The ACLU filed an interesting lawsuit today which charges Jeppesen Dataplan, a Boeing subsidiary, with assisting in the unlawful rendition of three terrorism suspects who were transported out of the United States by Jeppesen, and were ultimately tortured by the CIA.
The lawsuit charges that Jeppesen knowingly provided direct flight services to the CIA that enabled the clandestine transportation of Binyam Mohamed, Abou Elkassim Britel and Ahmed Agiza to secret overseas locations where they were subjected to torture and other forms of cruel, inhuman and degrading treatment.
"American corporations should not be profiting from a CIA rendition program that is unlawful and contrary to core American values," said Anthony D. Romero, Executive Director of the ACLU. "Corporations that choose to participate in such activity can and should be held legally accountable."
Specifically, the complaint alleges that Jeppesen provided crucial support services to the CIA for the following flights involving the three plaintiffs in the lawsuit:
- In July 2002, Ethiopian citizen Binyam Mohamed, while in CIA custody, was stripped, blindfolded, shackled, dressed in a tracksuit, strapped to the seat of a plane and flown to Morocco where he was secretly detained for 18 months and interrogated and tortured by Moroccan intelligence services.
- In January 2004, Mohamed was once again blindfolded, stripped, and shackled by CIA agents and flown to the secret U.S. detention facility known as the "Dark Prison" in Kabul, Afghanistan where he was again tortured and eventually transferred to another facility and then to the U.S. Naval Station at Guantánamo Bay, Cuba, where he still remains.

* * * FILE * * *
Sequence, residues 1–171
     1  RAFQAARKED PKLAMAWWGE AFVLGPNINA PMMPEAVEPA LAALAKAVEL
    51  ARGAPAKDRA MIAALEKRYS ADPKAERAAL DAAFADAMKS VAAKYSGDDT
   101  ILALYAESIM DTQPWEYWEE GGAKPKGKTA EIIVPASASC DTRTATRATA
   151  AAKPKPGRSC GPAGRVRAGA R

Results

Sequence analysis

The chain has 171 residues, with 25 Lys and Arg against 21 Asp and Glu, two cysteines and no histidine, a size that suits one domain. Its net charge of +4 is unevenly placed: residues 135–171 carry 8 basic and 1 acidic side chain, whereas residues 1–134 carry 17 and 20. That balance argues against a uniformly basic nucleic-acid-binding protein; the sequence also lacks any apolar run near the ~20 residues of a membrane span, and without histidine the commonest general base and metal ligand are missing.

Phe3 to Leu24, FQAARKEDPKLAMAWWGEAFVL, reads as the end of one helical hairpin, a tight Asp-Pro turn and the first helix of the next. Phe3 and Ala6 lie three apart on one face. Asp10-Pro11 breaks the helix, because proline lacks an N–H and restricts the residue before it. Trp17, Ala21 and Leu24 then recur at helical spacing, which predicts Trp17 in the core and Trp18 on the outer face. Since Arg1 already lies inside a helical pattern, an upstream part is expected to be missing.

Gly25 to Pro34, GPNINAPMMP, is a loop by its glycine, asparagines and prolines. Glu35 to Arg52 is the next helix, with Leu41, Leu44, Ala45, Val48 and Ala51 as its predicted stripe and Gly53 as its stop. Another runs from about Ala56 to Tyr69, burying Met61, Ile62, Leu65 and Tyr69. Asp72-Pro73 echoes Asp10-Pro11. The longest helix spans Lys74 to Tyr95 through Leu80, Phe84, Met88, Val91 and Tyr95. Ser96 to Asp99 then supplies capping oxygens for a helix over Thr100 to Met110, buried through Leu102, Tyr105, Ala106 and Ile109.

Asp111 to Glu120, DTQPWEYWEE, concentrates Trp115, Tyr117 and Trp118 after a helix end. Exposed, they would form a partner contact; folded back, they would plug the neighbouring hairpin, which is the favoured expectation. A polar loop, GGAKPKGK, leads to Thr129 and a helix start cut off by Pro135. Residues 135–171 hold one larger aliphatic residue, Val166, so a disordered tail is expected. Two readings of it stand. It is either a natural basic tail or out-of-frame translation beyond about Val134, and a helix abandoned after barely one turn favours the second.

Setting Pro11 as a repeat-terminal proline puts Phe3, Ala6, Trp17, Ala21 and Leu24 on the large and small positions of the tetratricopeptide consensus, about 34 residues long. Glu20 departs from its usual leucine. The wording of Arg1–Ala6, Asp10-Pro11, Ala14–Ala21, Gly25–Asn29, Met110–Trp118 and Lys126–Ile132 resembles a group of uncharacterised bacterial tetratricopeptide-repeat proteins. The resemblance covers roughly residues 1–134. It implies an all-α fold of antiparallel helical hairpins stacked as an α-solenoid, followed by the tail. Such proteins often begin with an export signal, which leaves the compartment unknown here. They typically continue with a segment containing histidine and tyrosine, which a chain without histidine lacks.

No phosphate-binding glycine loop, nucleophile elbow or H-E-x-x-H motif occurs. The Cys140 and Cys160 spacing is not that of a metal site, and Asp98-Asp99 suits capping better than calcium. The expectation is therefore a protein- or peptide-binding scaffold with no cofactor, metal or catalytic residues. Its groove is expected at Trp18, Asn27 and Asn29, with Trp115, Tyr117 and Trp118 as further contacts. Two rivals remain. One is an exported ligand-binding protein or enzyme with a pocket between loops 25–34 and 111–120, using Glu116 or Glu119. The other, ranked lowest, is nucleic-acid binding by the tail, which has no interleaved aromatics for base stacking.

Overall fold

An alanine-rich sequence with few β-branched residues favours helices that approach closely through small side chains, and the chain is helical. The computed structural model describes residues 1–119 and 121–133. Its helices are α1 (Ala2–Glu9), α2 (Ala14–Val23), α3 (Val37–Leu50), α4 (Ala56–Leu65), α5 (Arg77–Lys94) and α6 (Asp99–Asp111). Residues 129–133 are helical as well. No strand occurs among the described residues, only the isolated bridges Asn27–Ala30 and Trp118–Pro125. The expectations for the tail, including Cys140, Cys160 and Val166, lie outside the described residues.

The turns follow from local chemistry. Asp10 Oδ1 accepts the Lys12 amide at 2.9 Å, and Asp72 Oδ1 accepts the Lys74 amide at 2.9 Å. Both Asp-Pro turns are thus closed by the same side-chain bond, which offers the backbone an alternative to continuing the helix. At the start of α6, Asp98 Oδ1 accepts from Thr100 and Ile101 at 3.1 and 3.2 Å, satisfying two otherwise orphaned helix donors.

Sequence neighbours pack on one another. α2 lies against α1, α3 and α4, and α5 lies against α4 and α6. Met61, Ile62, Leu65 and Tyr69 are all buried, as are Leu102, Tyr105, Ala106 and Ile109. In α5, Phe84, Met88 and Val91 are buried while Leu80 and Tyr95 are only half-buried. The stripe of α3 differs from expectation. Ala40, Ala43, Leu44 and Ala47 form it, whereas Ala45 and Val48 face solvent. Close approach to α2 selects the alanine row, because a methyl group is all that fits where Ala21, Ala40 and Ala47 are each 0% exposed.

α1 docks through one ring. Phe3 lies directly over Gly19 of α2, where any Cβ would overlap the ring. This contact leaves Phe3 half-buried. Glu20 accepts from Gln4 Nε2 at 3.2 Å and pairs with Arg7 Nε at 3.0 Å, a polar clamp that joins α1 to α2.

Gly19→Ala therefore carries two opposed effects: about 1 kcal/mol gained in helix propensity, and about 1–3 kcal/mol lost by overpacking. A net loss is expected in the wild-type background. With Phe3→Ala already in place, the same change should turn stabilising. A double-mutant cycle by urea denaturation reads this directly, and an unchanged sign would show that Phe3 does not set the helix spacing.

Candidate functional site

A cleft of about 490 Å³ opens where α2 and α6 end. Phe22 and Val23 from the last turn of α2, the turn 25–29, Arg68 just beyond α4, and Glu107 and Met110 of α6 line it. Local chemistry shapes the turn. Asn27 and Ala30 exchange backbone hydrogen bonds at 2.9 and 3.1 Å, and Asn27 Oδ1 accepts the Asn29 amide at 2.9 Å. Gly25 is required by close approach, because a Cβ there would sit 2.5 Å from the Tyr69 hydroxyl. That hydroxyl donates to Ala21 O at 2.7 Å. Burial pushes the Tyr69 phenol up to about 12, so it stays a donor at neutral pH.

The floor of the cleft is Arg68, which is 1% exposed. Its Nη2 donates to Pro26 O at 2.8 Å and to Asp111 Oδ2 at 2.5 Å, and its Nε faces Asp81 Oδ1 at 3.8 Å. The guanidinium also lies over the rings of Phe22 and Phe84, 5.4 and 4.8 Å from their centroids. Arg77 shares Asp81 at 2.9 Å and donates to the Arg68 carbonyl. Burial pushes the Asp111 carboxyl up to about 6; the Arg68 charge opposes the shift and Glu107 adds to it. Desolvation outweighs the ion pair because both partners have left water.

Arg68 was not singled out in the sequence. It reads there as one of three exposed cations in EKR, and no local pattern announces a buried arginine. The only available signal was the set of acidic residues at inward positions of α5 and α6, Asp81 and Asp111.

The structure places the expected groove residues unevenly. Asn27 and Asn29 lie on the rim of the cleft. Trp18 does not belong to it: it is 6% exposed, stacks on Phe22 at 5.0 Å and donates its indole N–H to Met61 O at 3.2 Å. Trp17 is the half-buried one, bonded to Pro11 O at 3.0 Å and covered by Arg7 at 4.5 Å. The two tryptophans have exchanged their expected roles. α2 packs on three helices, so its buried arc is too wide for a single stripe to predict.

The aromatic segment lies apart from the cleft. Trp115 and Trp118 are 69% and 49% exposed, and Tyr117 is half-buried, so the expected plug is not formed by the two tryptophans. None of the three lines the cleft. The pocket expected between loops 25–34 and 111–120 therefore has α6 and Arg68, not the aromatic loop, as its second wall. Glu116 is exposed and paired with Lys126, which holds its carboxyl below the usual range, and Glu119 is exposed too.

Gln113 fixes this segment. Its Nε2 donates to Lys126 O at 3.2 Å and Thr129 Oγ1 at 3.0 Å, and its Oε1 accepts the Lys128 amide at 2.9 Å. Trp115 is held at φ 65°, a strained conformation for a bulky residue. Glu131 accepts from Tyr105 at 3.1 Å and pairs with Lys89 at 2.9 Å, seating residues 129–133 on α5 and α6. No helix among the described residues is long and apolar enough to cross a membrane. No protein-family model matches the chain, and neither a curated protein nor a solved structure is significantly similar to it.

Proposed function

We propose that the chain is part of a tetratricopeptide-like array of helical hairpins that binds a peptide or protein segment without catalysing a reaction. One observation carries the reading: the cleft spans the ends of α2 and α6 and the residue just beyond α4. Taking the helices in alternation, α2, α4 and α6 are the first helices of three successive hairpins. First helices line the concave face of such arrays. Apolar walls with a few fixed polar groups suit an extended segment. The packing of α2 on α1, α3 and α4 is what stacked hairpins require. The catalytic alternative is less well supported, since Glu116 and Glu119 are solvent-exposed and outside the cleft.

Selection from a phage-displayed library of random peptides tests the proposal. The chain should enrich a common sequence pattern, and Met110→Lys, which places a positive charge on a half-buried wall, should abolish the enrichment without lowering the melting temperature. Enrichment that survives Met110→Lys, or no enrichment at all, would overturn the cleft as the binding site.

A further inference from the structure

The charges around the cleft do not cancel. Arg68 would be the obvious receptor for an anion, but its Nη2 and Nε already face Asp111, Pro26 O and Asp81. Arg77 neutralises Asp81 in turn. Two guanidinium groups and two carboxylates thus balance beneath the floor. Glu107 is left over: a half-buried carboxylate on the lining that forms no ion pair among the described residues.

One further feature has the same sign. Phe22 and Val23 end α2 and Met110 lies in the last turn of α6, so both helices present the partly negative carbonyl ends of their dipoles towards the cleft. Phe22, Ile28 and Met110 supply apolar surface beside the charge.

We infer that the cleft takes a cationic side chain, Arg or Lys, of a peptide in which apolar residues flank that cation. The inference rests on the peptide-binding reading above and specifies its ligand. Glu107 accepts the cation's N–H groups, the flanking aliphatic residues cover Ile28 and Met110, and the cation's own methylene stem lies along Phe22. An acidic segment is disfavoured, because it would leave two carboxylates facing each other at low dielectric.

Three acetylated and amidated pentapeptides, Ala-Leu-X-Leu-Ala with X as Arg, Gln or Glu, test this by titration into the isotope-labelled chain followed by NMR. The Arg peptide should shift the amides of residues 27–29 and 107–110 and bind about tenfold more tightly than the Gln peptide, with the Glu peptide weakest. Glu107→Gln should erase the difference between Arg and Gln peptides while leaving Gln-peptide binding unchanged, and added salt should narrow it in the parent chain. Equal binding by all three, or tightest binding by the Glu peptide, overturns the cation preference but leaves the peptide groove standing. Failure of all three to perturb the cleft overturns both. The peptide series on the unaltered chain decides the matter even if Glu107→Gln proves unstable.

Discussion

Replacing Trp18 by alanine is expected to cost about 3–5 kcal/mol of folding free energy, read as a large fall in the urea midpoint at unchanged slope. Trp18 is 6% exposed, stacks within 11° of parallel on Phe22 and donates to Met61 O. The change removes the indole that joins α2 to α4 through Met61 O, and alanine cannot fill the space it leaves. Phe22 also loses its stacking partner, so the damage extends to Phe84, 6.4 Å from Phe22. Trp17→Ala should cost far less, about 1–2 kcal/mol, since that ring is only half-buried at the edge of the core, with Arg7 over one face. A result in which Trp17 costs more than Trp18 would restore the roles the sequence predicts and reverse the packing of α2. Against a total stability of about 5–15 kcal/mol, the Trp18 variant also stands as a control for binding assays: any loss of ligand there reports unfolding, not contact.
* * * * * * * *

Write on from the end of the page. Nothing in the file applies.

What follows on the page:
- In May 2002, Italian citizen Abou Elkassim Britel was handcuffed, blindfolded, stripped, dressed in a diaper, chained, and flown by the CIA from Pakistan to Morocco where he was tortured by Moroccan intelligence agents and where he is now incarcerated.
- In December 2001, Egyptian citizen Ahmed Agiza was chained, shackled, and drugged by the CIA and flown from Sweden to Egypt where he was severely abused and tortured and where he still remains imprisoned.
According to published reports, Jeppesen had actual knowledge of the consequences of its activities. A former Jeppesen employee informed The New Yorker magazine that, at an internal board meeting, a senior Jeppesen official stated, "We do all of the extraordinary rendition flights - you know, the torture flights. Let's face it, some of these flights end up that way." (Jane Mayer, The New Yorker, Oct. 30, 2006.)
The lawsuit was filed under the Alien Tort Statute, which permits aliens to bring claims in the United States for violations of the law of nations or a United States treaty. The statute recognizes international norms accepted among civilized nations that are violated by acts such as enforced disappearance, torture and other inhuman treatment described in the lawsuit.
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